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Abstract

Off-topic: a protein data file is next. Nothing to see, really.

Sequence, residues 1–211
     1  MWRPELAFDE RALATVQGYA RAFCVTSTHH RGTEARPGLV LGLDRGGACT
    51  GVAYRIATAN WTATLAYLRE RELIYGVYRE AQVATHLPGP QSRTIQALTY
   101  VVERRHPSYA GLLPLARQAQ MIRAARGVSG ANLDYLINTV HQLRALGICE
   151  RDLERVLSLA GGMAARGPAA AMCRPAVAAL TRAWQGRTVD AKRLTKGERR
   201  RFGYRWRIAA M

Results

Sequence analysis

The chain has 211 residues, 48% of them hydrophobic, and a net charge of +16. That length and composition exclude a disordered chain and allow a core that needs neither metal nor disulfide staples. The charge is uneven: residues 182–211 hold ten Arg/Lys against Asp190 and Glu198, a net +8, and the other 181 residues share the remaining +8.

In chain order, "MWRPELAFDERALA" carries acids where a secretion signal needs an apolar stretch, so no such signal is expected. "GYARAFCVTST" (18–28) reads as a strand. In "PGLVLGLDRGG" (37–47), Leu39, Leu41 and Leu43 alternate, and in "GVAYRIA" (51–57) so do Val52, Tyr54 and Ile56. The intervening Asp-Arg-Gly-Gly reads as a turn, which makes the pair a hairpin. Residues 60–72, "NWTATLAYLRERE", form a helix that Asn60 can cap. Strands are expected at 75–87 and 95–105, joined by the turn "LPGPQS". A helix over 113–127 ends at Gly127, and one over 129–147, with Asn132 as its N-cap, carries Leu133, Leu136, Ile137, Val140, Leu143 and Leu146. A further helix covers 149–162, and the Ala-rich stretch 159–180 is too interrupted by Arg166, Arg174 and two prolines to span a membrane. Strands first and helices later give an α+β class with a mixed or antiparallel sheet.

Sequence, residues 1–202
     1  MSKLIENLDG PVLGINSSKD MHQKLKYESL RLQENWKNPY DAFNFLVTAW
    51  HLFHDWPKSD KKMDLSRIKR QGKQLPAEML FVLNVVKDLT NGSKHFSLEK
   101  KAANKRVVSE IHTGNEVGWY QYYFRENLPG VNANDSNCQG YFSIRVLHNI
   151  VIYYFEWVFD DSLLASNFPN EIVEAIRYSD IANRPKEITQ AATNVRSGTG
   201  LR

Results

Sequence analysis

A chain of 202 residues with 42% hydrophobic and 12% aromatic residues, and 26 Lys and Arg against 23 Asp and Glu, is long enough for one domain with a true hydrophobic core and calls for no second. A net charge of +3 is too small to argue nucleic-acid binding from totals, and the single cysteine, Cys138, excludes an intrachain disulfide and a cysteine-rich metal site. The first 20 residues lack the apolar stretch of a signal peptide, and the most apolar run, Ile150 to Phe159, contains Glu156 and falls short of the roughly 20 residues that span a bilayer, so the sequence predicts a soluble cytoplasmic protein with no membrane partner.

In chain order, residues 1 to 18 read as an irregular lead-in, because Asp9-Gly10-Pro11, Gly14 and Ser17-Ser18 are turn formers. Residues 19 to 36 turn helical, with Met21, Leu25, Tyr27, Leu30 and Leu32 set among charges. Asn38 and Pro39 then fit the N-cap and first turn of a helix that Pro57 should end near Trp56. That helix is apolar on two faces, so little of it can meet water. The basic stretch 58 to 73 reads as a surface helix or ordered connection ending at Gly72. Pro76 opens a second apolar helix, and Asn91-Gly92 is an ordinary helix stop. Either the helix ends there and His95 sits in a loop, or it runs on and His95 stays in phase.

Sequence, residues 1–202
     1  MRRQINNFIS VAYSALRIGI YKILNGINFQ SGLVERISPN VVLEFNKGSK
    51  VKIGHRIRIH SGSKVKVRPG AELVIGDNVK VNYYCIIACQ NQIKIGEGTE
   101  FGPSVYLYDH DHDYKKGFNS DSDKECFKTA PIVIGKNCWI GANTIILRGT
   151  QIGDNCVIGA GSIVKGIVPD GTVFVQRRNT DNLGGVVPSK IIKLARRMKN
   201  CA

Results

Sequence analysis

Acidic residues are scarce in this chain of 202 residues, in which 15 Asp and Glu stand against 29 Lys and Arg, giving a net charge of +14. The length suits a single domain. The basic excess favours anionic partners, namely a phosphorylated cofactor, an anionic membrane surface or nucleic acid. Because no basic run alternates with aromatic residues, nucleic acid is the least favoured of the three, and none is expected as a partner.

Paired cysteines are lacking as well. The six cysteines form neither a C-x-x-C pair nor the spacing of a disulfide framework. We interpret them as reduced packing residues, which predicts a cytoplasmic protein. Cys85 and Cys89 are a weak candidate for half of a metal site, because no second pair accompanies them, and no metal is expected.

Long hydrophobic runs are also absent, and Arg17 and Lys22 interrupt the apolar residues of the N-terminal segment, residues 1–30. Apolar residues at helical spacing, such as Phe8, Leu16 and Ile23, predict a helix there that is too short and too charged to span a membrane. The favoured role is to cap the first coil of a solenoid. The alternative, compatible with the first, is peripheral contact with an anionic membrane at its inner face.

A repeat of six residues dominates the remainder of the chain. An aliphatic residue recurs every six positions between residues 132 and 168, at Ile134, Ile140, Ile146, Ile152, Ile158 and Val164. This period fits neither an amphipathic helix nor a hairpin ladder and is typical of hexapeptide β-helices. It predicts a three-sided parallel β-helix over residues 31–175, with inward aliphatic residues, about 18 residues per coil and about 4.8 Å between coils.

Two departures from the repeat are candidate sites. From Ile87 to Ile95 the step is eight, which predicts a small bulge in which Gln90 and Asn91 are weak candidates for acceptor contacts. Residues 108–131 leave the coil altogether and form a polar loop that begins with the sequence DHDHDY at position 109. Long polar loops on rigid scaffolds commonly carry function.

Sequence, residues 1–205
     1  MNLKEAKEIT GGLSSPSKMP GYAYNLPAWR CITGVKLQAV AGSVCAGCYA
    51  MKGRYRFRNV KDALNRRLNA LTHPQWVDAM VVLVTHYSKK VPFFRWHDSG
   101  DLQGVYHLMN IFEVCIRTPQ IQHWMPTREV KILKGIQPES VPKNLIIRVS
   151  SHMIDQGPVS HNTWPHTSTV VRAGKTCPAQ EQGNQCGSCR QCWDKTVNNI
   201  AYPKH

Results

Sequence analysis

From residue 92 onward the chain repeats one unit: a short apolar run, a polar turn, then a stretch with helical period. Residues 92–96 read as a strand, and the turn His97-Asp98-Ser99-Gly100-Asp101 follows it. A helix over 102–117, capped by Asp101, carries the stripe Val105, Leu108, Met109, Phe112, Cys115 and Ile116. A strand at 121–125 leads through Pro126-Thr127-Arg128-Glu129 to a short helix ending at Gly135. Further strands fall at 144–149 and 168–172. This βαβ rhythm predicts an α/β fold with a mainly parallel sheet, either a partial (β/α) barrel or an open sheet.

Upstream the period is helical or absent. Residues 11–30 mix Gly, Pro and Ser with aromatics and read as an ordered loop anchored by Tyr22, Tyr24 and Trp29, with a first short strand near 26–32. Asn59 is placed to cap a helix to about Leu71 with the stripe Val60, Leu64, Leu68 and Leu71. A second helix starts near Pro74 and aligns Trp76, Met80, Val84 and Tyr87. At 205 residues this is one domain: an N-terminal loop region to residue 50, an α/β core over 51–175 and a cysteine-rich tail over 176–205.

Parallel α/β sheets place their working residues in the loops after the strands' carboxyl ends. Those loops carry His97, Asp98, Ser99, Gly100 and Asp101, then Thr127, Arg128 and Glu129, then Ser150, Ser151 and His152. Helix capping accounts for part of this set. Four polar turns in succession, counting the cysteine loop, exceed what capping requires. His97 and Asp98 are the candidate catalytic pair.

In this study, two different compositions of submicron-structured titanium (760 nm) and micron-structured chromium (4.66 μm) powders were mixed to fabricate Cr-31.2 mass% Ti alloys by vacuum hot-press sintering. The research imposed various hot-press sintering pressures (20, 35 and 50 MPa), while the sintering temperature maintained at 1250°C for 1 h. The experimental results showed that the optimum parameters of the hot-press sintered Cr-31.2 mass% Ti alloys were 1250°C at 50 MPa for 1 h. Also, the relative density reached 99.94%, the closed porosity decreased to 0.04% and the hardness and transverse rupture strength (TRS) values increased to 81.90 HRA and 448.53 MPa, respectively. Moreover, the electrical conductivity is enhanced to 1.58 × 104 S·cm–1. However, the grain growth generated during the high-temperature and high-pressure of the hot-press sintering process resulted in the grain coarsening phenomenon of the Cr-31.2 mass% Ti alloys after 1250°C hot-press sintering at 50 MPa for 1 h. In addition, the Cr-31.2 mass% Ti alloys were fabricated with the submicron-structured titanium (760 nm) and chromium (588 nm) powders showed more effective compaction than the micron-structured titanium (760 nm) and chromium (4.66 μm) powders did. The closed porosity decreases to 0.02% and the hardness values increase to 83.23 HRA. However, the agglomeration phenomenon of the Cr phase and brittleness of the TiCr2 Laves phases easily led to a slight decrease in TRS (400.54 MPa).
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